Home ownership underscores many of HIA’s policy positions – it is something we’ve long advocated for regardless of the ebbs and flows of the public conversation. At the heart of this advocacy is that housing – shelter – is a basic human need. Adequate and appropriate housing that is proximate to jobs, services and community is the basis for families and individuals to contribute, participate and flourish in society.
With home ownership comes greater autonomy, and a sense of financial and social stability – all of which are key ingredients to a cohesive and well-functioning society. The great majority of Australians look to achieve home ownership, yet there is growing despondency that for many it may be beyond their reach.
At best, home ownership in Australia is being delayed. However, it is likely that for a growing cohort of households this delay will ultimately dissolve their home ownership aspirations into an unachievable dream.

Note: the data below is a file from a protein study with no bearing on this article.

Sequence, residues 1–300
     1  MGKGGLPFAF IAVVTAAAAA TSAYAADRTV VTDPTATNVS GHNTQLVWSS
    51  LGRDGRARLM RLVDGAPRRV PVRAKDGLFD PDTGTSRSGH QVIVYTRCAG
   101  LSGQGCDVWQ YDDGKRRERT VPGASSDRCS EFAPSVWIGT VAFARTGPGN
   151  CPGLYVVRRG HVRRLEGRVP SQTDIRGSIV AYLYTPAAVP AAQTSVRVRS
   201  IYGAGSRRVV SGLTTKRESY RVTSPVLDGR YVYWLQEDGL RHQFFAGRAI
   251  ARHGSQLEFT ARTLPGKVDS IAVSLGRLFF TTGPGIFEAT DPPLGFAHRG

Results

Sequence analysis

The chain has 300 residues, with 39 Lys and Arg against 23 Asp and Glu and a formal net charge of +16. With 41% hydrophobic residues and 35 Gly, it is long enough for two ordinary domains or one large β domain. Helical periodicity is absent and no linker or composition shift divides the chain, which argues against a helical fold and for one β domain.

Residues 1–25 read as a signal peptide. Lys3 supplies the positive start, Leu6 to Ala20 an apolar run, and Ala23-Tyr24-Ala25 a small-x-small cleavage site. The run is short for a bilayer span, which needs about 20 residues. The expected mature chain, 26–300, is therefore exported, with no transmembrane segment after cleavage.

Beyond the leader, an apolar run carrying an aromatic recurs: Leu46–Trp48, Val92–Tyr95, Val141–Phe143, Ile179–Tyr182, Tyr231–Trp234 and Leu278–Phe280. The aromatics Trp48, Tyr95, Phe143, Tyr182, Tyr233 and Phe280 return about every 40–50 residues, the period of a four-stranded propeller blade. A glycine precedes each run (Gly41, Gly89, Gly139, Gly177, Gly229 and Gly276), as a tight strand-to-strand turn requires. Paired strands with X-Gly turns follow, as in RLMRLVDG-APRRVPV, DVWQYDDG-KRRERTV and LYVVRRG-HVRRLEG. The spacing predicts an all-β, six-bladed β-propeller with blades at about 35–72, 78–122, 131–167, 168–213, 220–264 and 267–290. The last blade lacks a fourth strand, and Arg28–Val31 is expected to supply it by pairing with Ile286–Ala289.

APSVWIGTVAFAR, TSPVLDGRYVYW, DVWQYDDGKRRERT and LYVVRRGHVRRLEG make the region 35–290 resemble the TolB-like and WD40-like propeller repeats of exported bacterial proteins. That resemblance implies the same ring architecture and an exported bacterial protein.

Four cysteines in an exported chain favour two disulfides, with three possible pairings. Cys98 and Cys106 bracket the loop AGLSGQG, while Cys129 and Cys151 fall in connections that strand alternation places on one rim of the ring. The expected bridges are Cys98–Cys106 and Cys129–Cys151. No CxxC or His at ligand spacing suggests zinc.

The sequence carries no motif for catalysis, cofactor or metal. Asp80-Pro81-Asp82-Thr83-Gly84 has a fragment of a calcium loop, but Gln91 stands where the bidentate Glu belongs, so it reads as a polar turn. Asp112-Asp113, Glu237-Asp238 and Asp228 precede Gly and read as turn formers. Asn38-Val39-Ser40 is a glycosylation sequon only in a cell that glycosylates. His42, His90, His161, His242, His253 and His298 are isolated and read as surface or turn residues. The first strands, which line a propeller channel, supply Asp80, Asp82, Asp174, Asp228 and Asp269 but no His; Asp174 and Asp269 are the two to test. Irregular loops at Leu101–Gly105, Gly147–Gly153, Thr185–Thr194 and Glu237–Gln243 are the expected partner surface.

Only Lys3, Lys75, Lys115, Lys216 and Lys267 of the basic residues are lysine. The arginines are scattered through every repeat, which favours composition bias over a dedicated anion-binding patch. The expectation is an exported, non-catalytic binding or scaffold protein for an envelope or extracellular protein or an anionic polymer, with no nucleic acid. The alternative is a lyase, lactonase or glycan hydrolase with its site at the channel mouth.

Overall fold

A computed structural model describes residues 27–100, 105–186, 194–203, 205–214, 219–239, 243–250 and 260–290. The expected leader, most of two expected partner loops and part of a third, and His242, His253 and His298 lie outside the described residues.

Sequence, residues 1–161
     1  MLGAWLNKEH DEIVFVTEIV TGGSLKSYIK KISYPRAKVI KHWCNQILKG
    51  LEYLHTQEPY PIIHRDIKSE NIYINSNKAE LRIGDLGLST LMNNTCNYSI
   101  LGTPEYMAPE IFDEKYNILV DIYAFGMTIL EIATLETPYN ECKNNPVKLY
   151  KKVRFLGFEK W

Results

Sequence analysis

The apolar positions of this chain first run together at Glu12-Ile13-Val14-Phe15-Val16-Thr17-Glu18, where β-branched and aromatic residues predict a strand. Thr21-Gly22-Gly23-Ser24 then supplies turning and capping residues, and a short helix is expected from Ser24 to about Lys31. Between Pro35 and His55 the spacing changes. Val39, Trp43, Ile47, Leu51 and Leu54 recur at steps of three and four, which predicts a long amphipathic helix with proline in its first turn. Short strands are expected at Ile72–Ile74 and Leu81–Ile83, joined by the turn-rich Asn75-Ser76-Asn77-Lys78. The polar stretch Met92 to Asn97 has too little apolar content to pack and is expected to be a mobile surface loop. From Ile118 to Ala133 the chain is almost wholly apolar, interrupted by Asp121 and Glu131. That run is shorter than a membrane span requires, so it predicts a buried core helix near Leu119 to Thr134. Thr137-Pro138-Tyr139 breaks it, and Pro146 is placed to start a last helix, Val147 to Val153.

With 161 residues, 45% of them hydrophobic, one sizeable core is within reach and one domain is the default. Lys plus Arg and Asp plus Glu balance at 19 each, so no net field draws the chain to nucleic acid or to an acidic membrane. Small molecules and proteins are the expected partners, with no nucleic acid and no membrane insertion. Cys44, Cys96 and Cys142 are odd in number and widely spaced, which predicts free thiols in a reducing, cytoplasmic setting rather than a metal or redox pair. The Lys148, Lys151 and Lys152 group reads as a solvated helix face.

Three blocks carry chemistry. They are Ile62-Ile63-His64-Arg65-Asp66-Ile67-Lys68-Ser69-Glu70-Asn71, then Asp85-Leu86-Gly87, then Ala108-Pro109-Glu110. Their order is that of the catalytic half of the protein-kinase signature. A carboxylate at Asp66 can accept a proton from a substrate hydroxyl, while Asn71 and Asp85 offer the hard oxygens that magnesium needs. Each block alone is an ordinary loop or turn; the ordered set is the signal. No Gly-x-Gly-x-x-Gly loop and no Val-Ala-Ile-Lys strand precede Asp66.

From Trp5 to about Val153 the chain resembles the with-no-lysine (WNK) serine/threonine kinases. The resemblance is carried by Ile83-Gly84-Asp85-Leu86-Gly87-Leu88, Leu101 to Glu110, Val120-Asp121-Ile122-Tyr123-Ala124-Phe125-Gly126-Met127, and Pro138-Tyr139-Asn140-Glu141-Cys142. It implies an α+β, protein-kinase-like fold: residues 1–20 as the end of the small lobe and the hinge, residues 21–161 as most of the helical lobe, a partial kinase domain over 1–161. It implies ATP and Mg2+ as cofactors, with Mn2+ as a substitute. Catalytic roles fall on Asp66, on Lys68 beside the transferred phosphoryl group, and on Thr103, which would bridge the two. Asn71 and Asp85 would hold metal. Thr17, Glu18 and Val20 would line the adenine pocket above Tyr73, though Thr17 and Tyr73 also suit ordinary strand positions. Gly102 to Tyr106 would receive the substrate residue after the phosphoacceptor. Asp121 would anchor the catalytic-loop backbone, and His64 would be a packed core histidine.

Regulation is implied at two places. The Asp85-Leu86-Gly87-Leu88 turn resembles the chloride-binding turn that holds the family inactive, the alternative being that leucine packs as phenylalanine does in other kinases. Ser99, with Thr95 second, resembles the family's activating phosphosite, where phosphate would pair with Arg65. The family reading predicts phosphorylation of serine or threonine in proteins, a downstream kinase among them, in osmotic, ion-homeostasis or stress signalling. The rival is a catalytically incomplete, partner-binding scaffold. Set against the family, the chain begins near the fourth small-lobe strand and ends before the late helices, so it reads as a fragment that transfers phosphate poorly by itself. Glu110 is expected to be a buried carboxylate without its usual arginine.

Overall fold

Home ownership is best viewed from the perspective of first home buyers (FHBs). There are many (and evolving) factors that have ultimately seen would-be FHBs delay (and for some, abandon) efforts to enter into the property market.
Of course in the years just prior to the building boom of 2014–2018, poor affordability – underscored by insufficient housing supply – had been the number one culprit. The supply of affordable housing had failed to keep pace with demographic demand, placing great pressure on residential property prices (and who can forget the four years in Sydney when house prices were generally growing by the double digits at an annual rate?).
Housing supply today has just about caught up with demand, putting at best, a short-lived lid on price pressures and thereby improving affordability. So long as there is not a repeat of the consistent underbuilding of the 2000s (of course this is a great, big ‘if’ and policymakers, planners and regulators should not take this for granted), the emerging price increases should remain reasonably contained.